Govt’s plan to suppress doctors backfires

Doctors say they plan to work normal hours as per the public service Act since their grievances are not met. They say they are not allowed to take off days despite sometimes working 36 hour shifts yet the employer refuses to compensate them for their time. Because of this plan, doctors say patients are in for a rude awakening if the government  does not act to rectify the situation as some service will most likely not be available to patients because of the exacerbated situation of the shortage of doctors.


Doctors from across the country met this past weekend in Gaborone where they resolved to start working normal working hours like other civil servants, a move that could paralyze the already crippled health care system in Botswana. The decision comes after the employer reportedly turned a deaf ear to their grievances which include long working hours and under compensation.
“We are overworked and under paid. Currently, a doctor can go up to 24 hours or even 36 hours straight at work. According to the law, we are entitled to days off but because of shortage of doctors we are not able to take our day off. Over time is suppose to be 14 hours a week but as doctors we work beyond those hours. It is almost impossible for a doctor to work for eight hours in Botswana and management is aware of this but we are not paid for these extra hours that we put in every week it is just volunteer work,” said one of the doctors.
The doctors say they will this week present management at their respective hospitals across the country with a new roster that will allow them to work normal working hours that they are compensated for and take their day off as per the law. This new roster will according to medical doctors put a lot of patients in danger as there will be days that there will be no doctors in some departments.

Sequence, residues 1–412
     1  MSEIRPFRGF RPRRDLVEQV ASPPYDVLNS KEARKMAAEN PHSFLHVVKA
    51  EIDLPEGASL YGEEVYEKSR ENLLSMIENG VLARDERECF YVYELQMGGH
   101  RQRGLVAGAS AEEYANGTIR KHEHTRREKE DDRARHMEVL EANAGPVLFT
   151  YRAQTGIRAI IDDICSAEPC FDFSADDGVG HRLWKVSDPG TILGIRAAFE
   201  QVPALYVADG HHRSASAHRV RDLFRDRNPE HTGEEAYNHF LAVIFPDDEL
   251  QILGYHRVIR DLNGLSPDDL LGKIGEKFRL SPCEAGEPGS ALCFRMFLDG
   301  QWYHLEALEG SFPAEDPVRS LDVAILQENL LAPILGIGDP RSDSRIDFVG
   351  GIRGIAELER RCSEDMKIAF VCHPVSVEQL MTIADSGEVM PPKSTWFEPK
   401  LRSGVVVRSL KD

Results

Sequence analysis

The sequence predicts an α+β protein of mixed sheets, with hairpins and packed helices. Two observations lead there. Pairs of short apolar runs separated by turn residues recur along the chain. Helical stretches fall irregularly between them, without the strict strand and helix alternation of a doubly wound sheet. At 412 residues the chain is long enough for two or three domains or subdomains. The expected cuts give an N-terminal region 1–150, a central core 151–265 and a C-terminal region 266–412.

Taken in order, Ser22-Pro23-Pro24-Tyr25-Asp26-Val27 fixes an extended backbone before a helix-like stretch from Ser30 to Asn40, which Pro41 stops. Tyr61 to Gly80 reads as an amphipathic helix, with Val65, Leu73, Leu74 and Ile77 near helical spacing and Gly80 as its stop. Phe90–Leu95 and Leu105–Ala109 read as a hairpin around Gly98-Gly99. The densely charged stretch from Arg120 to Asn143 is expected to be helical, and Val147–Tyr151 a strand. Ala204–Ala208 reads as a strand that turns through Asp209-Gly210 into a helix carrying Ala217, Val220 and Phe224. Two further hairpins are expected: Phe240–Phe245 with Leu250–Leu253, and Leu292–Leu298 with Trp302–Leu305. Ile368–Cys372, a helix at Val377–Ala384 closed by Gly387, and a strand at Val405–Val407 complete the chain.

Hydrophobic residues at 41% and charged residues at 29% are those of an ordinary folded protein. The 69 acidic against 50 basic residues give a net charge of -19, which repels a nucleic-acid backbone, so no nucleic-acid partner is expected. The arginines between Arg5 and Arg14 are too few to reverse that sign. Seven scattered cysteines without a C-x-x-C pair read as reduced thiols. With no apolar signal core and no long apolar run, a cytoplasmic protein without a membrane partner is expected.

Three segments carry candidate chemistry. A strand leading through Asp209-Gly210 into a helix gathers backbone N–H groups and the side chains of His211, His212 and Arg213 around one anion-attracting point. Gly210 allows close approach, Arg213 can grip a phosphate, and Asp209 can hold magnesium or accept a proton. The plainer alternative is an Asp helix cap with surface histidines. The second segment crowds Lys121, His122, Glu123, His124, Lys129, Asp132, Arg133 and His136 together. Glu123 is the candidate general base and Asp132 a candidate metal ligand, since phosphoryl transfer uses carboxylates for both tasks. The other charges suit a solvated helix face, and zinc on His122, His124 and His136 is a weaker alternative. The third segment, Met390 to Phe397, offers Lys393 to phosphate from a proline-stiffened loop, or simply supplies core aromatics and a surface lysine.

Ministry of Health (MoH) Permanent Secretary is said to have met with the doctors from different hospitals this month and suggested that they should at least work 12 hour shifts, a plan that doctors say is impractical as some clinics and theaters will have to be closed some days if they choose to go that route.
“…The 12 hour shift is impractical  because there are a lot of things that need to be taken care of during the day than at night. 12 hours essentially means that staff will be divided equally day and night but there is more to be done during the day. During the day there are clinics and operations that has to be performed and we have to have a lot of staff on the ground. If they do this, it means there will be days when the theater and clinics will be closed,” explained one doctor.
They said why is it important to be compensated for their work, the staffing should also be done in such a way that it allows them to rest.
Princess Marina Hospital (PMH)Chief Communications Officer Donelle Kutlapye says they are aware that doctors have complained about their conditions of service. He said the Botswana Junior Doctors Association took government to court in 2012 regarding the same issue hence this protracted battle.
He said they have since escalated the matter to MoH who in turn consulted with DPSM on the matter. “In addition to that PMH has held several meetings with doctors with the view of reducing working hours. The process is ongoing. To comply with court ruling that ruled that doctors should be given days off, new rosters have been developed and will be implemented after discussion with the doctors.”
As per the doctors’ plan to create a new roster, he  said rosters are approved by the Hospital Superintendent or Head of Departments therefore doctors alone cannot implement the roster without prior approval of the Management.  “We appreciate that doctors are currently working long hours, however since they are an essential service cadre, it will be impossible for them to leave patients in danger while they are taking day offs.”
He however said their eventual plan will shorten the working hours for doctors. “Shortage of doctors is a nationwide problem. Ministry of Health goes outside the country to recruit doctors but because of competition, we always get less numbers than we want.”